His attacks sent shock waves through the community.
Britain’s youngest wannabe serial killer, James Fairweather, was just 15 in 2014 when he murdered two strangers by stabbing them through the eyes, and plotted to slay 15 more.
Fairweather, who has autism, stabbed badly brain-damaged James Attfield, 33, no less than 102 times, then knifed 31-year-old student Nahid Almanea to death three months later. It took 14 months before police finally caught him.
In court, the Yorkshire Ripper-obsessed teen admitted manslaughter, blaming ‘voices in the head’, but was convicted of both murders. He was found to have carried out internet searches on such notorious serial killers as Yorkshire Ripper Peter Sutcliffe, whose photo he had on his phone, and his ‘favourite’ – American rapist, murderer and necrophile Ted Bundy. He also had a collection of slasher horror movies, DVDs featuring Sutcliffe and an avid interest in playing violent computer games.
So was Fairweather mentally ill or born evil?
He once told a teacher he wanted ‘to be a murderer’, and had already been convicted of robbing a shop at knifepoint in his school uniform days before he murdered dad-of-five James. On that occasion, he had to be reprimanded for sniggering in court before being handed a 12-month referral order.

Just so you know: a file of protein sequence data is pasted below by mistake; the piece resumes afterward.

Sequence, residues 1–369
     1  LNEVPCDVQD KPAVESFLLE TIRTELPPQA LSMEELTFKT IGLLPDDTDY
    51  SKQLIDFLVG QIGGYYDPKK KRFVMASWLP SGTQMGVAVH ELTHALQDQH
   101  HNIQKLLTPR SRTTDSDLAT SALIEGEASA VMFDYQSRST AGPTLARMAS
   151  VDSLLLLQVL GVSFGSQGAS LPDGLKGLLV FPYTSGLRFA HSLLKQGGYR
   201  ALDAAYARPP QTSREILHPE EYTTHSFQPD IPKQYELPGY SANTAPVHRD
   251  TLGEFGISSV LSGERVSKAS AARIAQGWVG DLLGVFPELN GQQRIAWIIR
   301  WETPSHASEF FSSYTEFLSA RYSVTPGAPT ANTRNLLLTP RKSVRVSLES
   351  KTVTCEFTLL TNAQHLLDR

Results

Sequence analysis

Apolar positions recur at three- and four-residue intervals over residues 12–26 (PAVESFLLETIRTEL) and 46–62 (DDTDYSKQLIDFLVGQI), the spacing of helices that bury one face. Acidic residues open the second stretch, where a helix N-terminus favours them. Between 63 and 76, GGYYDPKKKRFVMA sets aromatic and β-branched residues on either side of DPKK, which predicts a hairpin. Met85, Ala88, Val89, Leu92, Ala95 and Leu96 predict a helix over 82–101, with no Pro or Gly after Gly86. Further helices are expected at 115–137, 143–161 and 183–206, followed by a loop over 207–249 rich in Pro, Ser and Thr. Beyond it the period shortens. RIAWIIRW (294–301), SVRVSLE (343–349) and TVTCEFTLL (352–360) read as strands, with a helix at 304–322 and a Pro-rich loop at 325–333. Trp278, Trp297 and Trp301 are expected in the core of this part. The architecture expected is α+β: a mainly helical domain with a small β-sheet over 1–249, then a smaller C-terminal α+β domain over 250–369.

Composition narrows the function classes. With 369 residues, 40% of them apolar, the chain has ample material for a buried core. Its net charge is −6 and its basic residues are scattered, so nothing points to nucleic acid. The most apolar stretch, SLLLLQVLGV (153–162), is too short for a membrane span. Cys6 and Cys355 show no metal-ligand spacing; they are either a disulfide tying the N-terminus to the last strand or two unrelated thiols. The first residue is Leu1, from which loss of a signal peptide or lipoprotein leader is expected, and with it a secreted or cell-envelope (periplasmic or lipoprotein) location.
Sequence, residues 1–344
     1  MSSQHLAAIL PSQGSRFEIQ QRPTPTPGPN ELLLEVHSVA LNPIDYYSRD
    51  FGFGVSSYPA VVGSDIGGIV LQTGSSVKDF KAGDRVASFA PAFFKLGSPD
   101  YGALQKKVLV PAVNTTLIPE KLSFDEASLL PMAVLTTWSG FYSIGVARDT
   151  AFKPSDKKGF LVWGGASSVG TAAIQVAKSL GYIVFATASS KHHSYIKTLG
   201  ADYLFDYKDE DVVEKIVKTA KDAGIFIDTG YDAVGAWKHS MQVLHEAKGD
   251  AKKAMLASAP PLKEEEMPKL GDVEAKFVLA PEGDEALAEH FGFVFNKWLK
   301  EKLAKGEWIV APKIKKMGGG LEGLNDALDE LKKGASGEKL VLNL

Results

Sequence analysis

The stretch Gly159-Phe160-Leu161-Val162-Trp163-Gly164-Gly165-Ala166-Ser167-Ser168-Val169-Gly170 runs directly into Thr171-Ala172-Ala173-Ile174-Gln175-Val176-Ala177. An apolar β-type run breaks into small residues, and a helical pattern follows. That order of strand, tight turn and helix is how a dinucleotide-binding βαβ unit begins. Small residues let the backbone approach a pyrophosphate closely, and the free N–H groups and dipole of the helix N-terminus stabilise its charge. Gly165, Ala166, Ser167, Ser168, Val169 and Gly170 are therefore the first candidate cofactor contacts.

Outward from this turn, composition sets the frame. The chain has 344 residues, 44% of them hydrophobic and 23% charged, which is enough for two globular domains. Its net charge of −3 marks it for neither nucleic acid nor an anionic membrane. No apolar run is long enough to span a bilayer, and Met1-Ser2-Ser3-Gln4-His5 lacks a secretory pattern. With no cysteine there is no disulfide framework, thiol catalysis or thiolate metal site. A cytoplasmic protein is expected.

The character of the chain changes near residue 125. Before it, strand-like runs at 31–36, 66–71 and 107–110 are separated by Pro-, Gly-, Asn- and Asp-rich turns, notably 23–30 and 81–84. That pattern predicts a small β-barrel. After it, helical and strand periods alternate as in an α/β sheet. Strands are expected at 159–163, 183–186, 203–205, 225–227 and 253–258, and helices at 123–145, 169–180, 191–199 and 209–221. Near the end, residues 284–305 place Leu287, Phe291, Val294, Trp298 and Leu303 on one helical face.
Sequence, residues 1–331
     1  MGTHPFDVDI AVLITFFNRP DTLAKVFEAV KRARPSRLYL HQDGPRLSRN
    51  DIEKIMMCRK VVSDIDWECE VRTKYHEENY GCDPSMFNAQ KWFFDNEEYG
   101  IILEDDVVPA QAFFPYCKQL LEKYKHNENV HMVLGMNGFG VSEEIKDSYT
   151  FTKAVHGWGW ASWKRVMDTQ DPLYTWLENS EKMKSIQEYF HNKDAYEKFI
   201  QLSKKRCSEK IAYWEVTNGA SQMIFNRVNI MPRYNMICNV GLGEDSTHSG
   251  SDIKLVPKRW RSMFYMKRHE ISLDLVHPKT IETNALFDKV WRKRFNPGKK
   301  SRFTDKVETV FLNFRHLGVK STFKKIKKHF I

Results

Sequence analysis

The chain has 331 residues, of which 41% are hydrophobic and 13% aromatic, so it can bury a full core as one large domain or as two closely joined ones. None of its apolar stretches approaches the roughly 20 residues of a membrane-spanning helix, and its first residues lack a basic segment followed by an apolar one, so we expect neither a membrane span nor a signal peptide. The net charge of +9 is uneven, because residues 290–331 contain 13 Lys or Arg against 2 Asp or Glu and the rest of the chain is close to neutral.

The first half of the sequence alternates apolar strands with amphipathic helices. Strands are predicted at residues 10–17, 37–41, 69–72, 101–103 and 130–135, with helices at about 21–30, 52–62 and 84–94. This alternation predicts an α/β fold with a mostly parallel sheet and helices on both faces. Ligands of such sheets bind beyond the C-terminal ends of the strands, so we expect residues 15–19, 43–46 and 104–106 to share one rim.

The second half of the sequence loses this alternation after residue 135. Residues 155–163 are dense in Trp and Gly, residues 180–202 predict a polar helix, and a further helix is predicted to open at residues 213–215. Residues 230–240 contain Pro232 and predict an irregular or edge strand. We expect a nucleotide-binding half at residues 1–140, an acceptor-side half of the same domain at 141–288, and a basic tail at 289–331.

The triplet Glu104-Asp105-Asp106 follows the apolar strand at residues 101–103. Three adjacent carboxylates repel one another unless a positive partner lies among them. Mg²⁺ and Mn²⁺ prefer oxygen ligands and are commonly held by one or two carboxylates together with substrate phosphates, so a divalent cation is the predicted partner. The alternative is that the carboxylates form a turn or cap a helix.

He told police he’d gone ‘looking for a sacrifice’ in his home town of Colchester, Essex, that he’d found James, who’d been drinking, lying on the grass, and he’d heard voices telling him, ‘He’s the one, do it.’
Fairweather attacked his second victim Nahid three months later in broad daylight as she walked by a nature trail dressed in a hijab and full-length Muslim robe.
He said, ‘The voices started laughing…they were really, really loud… They were laughing in my head, going, “You did it”.’
Fairweather already had a knife-crime conviction, when he’d been apprehended but released. He was finally caught for the killings 11 months later when a dog walker spotted him lurking near the spot where Nahid’s body had been found.
When police found him, he told them, ‘I’m waiting for someone to kill. I’ve done it twice before.’
The court heard that he had wanted to kill 15 more times.
Psychiatric experts said it was ‘highly likely’ or ‘more than likely’ he was suffering from ‘psychosis’ at the time of the murders.
James Fairweather was sentenced to serve a minimum 27-year jail term before he can be considered for parole.